Imagine your technique being performed almost perfectly, without any noticeable effort. Your performance just flows from within you, you are fluid, all your muscles, fibres, joints working in total harmony with your mind.
Imagine yourself performing to the best of your ability.
The above experiences form what is known to athletes as ‘getting in the zone’.
Getting in the zone means that you are more likely to tap into the instinctive part within you, so that you make the right action at the right moment without really thinking about it.
It all seems to happen automatically but what has actually happened is that you have allowed the unconscious part of your mind to control things for you without any barriers to performance. This results in your body operating on autopilot.
Important techniques for getting in the zone include creating positive mental states of emotion as you imagine yourself performing to the best of your abilities.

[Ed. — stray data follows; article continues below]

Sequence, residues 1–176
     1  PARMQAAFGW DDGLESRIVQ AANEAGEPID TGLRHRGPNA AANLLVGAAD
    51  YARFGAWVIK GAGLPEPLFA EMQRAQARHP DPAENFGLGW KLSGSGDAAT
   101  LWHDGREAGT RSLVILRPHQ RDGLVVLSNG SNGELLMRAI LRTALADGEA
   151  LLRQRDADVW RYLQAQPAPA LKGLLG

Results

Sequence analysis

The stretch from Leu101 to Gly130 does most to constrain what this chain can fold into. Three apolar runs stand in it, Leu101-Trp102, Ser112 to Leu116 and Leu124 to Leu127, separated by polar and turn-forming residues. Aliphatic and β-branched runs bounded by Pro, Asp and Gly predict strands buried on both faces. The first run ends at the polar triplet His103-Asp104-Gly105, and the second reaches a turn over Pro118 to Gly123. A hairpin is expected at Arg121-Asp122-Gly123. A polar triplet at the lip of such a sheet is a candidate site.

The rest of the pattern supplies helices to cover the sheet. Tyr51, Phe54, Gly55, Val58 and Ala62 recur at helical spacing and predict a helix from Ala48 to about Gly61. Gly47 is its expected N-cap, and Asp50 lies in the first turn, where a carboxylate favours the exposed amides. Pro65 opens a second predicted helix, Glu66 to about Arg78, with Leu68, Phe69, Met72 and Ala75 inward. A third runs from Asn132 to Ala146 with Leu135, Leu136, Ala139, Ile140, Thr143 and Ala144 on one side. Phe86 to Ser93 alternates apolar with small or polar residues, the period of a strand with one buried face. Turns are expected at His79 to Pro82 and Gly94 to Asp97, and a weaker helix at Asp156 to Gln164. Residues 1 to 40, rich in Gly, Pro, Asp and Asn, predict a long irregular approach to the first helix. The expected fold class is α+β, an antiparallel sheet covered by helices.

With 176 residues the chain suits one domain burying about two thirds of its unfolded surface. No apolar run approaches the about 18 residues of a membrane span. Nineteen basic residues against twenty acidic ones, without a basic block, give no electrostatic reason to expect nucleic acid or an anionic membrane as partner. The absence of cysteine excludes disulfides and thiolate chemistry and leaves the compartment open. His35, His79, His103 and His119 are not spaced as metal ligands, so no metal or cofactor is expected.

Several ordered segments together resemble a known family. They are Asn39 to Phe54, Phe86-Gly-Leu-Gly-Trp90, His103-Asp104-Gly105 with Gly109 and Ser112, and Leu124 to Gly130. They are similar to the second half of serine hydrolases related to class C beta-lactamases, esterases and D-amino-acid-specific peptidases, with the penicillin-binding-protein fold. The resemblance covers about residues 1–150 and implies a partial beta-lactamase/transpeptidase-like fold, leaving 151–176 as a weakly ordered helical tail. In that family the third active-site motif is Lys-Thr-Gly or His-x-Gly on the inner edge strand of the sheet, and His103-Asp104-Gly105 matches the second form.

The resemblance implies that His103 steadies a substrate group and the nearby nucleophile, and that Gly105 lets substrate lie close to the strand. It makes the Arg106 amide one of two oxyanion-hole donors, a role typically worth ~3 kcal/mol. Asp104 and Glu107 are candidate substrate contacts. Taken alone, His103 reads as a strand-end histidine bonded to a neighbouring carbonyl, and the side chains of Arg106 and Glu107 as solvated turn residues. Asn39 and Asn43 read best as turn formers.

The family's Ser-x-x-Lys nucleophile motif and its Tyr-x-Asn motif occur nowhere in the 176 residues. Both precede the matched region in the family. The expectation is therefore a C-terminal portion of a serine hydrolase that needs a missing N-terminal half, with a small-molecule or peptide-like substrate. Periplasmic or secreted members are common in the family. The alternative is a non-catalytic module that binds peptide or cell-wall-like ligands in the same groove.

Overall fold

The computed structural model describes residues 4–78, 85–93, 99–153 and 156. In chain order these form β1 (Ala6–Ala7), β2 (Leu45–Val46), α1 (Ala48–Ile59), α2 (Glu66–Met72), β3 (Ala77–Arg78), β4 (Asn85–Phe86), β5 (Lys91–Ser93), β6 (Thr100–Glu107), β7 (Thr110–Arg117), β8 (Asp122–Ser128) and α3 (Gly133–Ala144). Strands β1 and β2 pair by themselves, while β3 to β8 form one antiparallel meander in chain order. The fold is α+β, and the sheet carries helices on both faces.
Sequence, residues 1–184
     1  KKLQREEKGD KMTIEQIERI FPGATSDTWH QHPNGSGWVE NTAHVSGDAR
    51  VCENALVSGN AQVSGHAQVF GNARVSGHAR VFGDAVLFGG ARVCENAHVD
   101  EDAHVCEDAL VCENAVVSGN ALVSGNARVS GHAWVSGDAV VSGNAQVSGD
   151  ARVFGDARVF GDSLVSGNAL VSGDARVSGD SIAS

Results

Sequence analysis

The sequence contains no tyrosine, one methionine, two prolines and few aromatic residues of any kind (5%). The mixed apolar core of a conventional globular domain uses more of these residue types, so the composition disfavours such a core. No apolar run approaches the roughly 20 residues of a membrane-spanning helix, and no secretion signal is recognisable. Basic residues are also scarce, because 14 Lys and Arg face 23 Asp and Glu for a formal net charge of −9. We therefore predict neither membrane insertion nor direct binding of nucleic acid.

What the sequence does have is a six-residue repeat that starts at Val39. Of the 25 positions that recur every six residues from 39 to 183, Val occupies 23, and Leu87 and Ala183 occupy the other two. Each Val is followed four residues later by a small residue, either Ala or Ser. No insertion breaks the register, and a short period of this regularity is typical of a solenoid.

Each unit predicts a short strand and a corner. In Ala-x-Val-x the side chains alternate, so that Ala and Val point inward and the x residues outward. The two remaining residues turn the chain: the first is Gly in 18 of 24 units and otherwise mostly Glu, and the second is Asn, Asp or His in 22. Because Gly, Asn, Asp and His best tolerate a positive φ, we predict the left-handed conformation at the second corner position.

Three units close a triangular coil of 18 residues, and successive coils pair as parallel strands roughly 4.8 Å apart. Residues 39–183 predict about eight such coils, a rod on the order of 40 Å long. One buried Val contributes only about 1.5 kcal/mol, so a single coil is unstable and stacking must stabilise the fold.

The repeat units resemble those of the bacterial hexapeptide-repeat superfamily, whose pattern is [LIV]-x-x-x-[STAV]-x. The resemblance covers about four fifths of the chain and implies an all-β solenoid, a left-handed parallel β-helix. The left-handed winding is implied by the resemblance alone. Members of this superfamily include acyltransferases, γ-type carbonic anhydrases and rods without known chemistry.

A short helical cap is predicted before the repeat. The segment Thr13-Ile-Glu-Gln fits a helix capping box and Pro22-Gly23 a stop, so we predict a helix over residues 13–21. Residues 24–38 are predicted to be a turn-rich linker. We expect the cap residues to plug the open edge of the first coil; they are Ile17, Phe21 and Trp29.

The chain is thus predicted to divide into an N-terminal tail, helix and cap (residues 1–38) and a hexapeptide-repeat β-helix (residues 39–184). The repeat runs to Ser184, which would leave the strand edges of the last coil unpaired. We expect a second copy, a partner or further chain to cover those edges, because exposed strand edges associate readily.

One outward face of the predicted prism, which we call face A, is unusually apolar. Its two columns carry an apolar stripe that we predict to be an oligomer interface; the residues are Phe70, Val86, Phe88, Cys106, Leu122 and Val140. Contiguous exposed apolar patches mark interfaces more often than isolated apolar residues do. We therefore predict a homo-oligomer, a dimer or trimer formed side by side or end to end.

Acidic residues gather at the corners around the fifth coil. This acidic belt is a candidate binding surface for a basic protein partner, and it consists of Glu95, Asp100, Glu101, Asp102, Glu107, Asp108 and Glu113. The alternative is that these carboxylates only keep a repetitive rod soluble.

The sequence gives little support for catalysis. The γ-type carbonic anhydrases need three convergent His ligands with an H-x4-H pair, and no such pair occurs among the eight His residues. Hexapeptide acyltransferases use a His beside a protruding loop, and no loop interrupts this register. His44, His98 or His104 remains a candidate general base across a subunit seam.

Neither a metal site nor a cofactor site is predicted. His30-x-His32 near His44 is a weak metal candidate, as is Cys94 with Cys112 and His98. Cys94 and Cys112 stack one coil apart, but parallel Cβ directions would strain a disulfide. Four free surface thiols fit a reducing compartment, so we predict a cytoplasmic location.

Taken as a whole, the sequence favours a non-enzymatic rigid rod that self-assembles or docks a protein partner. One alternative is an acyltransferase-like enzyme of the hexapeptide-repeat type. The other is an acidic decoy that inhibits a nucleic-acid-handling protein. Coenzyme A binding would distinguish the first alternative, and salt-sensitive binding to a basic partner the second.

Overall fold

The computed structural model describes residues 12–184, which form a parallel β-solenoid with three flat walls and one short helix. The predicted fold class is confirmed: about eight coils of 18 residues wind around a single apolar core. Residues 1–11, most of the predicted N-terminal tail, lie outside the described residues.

Breathing can help to anchor the positive emotions and feelings that you experience as you mentally rehearse your performance and can help to anchor positivity and relaxation within you so that you enter the zone when you need to, without trying.
Self-hypnosis that focusses on the above techniques can be an effective way of developing this ‘entering the zone’ mindset.
Self-hypnosis promotes mindfulness and heightens our experiential awareness so that when we imagine ourselves performing to the best of our abilities we really ‘see’ ‘hear’ and ‘feel’ the performance. A blueprint for sporting success is created in our minds and we can improve our performance and stay ‘in the zone’ more effectively.
I have worked with many athletes using these techniques in order to help them get in the zone and improve their sports performance. What I have found is that the really great thing about using self hypnosis is that is doesn’t matter what sport you are involved in: breathing techniques, relaxation and mental rehearsal exercises work equally well for runners, those involved in team sports such as football, darts players, cyclists, gymnasts – to name but a few.